Mechanical and Process Engineering

The Department of Mechanical and Process Engineering (MBVT) comprises the teaching units of Mechanical Engineering and Industrial Engineering, whose 31 professors represent a diverse range of subjects in teaching and research. The internal institutes work closely with the UDE’s affiliates: The Institute for Energy and Environmental Technology (IUTA e.V.), the IWW Water Centre, the Development Centre for Ship Technology and Transport Systems (DST e.V.) and the Fuel Cell Research Center (ZBT). Their direct collaboration promotes and underscores the applied nature of engineering research.

Research highlights

DFG Research Unit 1993, ‘Multifunctional Conversion of Chemical Species and Energy’ (spokesperson: Professor Burak Atakan, Chair of Thermodynamics), has entered its third phase.

The group studies the use of reciprocating engines as chemical reactors in the production of basic chemicals. Through closely coordinated simulations and experiments, the researchers were able to shed light on the way additives behave in the fuel-rich conversion of methane to syngas. Their current research explores concepts for reducing the amounts of additives required and the chemical implementation and utilisation of CO2 in combustion engines. Another three renowned researchers recently joined the research unit as Mercator Fellows: Professor Eric Peterson (Texas A&M University, USA), Professor Sergey Cheskis (Tel Aviv University, Israel) and Professor Ali Güngör (Ege University, Turkey).

The Chair of Reactive Fluids focuses on fundamental research into combustion processes and particle synthesis in the gas phase. In the DFG Priority Programme 1980, ‘SpraySyn’, a group of researchers coordinated by Professor Christof Schulz examines the synthesis of functional materials in spray flames. Following a successful evaluation in 2020, the project has secured 7.6 million euros in funding for the next three-year period. Eight of the 18 funded periods are based at the Department of Mechanical and Process Engineering. Within the scope of this priority programme and Research Unit 2284, headed by Professor Schulz, the Faculty organised the 4th International Symposium on Gas-phase Synthesis of Functional Nanomaterials in 2020. The online event was attended by 180 visitors from around the world.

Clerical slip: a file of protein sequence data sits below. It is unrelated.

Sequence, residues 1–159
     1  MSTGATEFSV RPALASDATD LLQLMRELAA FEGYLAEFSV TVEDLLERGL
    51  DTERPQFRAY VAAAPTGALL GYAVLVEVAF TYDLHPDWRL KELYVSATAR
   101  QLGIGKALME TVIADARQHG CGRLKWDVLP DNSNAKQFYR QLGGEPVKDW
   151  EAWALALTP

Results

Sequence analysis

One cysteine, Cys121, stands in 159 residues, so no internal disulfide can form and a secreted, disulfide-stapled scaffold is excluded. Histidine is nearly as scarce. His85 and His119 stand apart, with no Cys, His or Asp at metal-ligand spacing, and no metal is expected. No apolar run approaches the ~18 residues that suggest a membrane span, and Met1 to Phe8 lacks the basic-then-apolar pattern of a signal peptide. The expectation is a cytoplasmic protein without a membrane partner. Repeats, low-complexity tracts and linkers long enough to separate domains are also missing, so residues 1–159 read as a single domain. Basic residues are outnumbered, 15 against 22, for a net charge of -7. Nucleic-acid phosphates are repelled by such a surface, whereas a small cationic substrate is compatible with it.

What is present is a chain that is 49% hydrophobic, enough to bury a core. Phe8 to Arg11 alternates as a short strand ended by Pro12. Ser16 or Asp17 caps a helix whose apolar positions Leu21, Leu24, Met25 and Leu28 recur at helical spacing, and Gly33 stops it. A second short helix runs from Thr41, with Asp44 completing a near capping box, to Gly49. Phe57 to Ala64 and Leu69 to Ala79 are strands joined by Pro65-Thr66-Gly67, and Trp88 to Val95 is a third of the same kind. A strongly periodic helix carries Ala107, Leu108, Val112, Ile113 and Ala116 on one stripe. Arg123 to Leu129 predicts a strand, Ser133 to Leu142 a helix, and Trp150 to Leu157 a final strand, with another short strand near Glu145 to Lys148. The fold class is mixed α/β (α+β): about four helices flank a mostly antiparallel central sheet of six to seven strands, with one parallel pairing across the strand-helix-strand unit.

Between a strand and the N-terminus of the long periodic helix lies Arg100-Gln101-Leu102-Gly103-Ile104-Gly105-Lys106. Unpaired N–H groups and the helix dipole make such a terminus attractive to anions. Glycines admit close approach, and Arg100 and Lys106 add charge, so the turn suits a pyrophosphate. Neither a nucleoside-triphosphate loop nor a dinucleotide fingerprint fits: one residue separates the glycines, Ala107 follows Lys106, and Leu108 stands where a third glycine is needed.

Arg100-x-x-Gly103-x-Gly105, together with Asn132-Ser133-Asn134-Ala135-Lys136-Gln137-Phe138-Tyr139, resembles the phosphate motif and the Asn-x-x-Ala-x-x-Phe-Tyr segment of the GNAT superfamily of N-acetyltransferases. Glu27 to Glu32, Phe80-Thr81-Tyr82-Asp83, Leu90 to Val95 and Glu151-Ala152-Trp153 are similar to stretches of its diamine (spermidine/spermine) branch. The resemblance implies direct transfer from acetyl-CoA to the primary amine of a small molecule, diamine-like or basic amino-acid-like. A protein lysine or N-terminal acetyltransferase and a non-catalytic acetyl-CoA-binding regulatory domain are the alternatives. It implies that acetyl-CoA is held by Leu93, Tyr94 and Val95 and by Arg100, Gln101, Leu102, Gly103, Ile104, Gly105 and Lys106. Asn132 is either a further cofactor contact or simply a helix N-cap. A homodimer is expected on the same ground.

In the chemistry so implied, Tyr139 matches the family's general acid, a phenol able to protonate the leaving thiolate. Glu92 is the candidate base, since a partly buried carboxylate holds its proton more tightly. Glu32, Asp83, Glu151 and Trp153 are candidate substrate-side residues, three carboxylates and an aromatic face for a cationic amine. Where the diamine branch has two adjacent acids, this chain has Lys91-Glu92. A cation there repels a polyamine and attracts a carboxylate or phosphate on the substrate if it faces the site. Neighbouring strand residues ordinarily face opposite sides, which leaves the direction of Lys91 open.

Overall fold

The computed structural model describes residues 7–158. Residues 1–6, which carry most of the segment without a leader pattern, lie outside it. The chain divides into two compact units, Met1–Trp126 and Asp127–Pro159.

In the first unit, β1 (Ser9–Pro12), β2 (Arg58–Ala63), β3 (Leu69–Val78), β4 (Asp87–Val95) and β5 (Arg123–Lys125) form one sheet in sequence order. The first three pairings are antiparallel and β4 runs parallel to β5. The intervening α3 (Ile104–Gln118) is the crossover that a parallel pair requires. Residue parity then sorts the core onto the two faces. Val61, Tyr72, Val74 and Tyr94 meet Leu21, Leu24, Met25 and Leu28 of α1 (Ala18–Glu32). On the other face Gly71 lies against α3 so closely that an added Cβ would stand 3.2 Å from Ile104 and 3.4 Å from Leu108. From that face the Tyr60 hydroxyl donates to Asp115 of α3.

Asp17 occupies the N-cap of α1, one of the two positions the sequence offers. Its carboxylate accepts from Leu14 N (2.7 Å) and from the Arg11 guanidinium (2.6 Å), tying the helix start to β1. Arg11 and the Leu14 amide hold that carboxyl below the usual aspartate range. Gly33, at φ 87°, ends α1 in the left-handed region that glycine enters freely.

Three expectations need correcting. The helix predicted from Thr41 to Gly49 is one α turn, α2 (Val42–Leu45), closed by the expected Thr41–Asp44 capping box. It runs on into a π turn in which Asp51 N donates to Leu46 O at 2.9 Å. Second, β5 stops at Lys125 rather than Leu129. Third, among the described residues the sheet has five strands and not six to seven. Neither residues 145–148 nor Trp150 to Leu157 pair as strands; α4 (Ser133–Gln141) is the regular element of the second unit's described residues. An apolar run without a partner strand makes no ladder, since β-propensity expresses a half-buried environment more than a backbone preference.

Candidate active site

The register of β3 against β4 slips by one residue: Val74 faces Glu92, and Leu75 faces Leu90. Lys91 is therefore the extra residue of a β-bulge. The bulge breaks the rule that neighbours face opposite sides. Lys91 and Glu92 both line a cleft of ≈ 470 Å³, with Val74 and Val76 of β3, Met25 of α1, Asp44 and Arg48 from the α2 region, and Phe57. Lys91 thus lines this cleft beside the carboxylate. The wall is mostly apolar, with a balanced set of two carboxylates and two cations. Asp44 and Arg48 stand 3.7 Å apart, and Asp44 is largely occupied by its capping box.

The recent appointment of Junior Professor Doris Segets plays an important role in the processing of said materials into functional layers for use in batteries and fuel cells, for example. Her specialism complements the department’s existing range of research areas and strengthens the connection between material synthesis and applications. 

Members of the Chair of Reactive Fluids have developed a new anode material for batteries based on carbon and silicon. In collaboration with Evonik Industries, the team is currently working on advancing the manufacturing process and moving it to an industrial scale. The three-year project ‘HOSALIB – High-Performance Silicon-Carbon Composite as Anode Material for Lithium-Ion Batteries’ has secured 2.3 million euros in funding from the Federal Ministry of Economics and Technology. It focuses on manufacturing and processing the materials in question. The EU project Hyflexpower is dedicated to the study of another important aspect of future energy systems: led by Siemens, the consortium researches the use of hydrogen in gas turbines while building the world’s first power-to-x-to-power demonstration plant with a hydrogen gas turbine. Within the scope of this project, the Chair of Reactive Fluids is developing ways of using endoscopic methods to measure flame positions and surface temperatures in the combustion chambers.

The Chair of Thermal Process Engineering focuses on fundamental research into the separation technique of adsorption. It secured three new DFG-funded projects in 2019 and 2020.